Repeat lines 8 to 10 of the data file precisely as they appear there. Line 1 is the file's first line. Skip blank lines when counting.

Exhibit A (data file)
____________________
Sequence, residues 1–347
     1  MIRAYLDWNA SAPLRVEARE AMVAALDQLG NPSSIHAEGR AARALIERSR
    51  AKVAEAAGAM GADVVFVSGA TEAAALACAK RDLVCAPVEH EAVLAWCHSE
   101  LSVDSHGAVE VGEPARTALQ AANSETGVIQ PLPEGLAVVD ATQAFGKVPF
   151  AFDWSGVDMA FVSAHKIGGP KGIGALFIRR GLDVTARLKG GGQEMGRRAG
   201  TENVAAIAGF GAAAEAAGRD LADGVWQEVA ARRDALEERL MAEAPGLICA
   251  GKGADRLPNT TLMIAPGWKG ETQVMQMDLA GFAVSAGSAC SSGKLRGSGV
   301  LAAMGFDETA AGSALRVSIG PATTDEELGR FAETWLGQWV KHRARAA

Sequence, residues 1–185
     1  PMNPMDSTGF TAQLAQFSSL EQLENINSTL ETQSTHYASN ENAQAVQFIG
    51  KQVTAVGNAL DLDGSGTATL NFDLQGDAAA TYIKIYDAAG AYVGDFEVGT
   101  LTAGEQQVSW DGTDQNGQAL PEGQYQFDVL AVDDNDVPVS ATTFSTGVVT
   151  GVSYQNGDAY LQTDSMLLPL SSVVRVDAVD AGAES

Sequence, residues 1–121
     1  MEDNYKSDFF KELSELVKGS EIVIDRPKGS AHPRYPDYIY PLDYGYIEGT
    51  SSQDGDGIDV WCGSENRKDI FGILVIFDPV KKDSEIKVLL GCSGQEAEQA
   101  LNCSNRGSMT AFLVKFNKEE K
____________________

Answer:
   301  LAAMGFDETA AGSALRVSIG PATTDEELGR FAETWLGQWV KHRARAA

Sequence, residues 1–185
     1  PMNPMDSTGF TAQLAQFSSL EQLENINSTL ETQSTHYASN ENAQAVQFIG